The Cherokee Strip museum was our destination for the day. After stopping by Junction City for rations (groceries), we headed straight south on Hwy 77 through the middle of the Kansas Flint Hills to Arkansas City, Kansas. This is the same trip Dan's grandfather made over 114 years ago.
Although not as dramatic as the Flint Hills along and around I 70, through which we had just traveled to Junction City, it was still a very beautiful drive. Wide open spaces with farm land here and there between large expanses of native grass and clean, small towns. Winfield, Kansas, felt like we were driving into a burg right out of the 50s. The home of the annual bluegrass festival had a beautifully renovated downtown. County seat courthouses with their intricate architecture, have unexpected beauty in rural Kansas.
We pressed on as the museum closed at 5:00 and the afternoon was slipping away.
Dan’s grandfather, Fred, was an adventurous person. We know because he was one of more than 100,000 settlers who lined up to race by horseback or covered wagon for 42,000 claims in the 1893 Cherokee Strip Land Run or Rush.
Intended as an outlet to hunting lands in the west, the Cherokee Indians were given this 226 mile long and 58 mile wide parcel of land, called the Cherokee Outlet, in exchange for tribal lands in North Carolina. The Cheyenne, Arapaho and Comanche, also occupied the Cherokee land, were great hunters and recognized no boundaries. Conflicts arose and the land was relatively unused.
After the Civil War Texas cattlemen crossed the outlet along the Chisholm Trail, driving their herds to rail heads in the north. They often stopped to let their herds graze and fatten before continuing north. Soon they were staying too long for the Cherokee to ignore.
From 1883 until 1893 the Outlet was used to graze and fatten cattle because it was easier than driving them from Texas. The Cherokee Tribe received negotiated compensations, first from cattle ranchers then the Federal government.
Meanwhile, immigrants were flocking to the the East coast from Europe, many of them farmers hearing of promises of free land. It was during this time, the United States Government began talking to the Cherokee tribe about selling the Outlet. Finally, after believing they better sell rather than have the land taken, the Cherokee settled on $8.5 million. On the day before the deadline, congress appropriated $8.3 million.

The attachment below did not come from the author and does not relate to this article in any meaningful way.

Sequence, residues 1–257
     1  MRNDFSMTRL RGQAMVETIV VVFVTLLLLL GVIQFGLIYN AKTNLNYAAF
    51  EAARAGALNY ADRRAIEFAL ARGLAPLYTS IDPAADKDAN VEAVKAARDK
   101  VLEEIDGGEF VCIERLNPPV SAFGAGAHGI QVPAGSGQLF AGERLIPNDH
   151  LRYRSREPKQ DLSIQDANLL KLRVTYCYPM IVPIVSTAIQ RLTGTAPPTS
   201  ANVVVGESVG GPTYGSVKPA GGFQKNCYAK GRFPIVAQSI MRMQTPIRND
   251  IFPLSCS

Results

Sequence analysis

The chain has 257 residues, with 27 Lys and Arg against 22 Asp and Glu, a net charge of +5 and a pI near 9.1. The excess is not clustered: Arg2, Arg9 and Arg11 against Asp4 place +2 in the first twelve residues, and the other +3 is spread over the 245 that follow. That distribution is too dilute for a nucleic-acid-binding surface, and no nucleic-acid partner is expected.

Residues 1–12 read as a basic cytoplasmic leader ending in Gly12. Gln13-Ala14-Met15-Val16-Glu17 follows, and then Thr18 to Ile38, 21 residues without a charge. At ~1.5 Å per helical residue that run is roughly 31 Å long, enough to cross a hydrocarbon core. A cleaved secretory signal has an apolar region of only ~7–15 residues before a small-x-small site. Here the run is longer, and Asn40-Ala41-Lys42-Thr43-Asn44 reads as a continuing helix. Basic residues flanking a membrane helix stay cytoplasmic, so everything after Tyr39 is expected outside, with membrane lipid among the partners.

The title cleared in May and on September 16, 1893, the Cherokee Outlet became the Cherokee Strip Land Rush.
As the story was told to me, Fred, a 22-year-old man who was not yet married or settled down, participated in the highly advertised land rush as speculative venture. He wanted eventually to buy a farm near his relatives in Kansas. Fred staked a claim, lived on it the prerequisite six months out of a year, sold it and purchased the farm where Dan’s father was raised near Junction City, Kansas.
We did not realize how fortunate Fred was to claim land. With less than one 160 parcel of land available for every two that rushed, many failed, some died.
Before the Rush, to avoid chaos, the Government opened four land offices inside the strip, one being Perry, which is where Fred filed his claim. He gave his address as Orlando.
It appears Fred traveled south through the strip and made his claim near Perry two days after the initial start. He gave his address as Orlando, Oklahoma, which makes me wonder he scouted his land selection before the rush. He might have been thorough, but he was not a "sooner." These were persons illegally staking a claim by hiding in the strip.
While the museum at Arkansas City, Kansas, was interesting, we did not find information as to the location of Fred’s settlement. Another time we will travel south to Perry Oklahoma to find their records. Our goal is to find the exact location of Fred’s claim.
The Oklahoma Historical Society is building a new Cherokee Strip museum at Perry with scheduled completion 2008. Although we won’t “rush” we will drive our modern day covered wagon to that location another time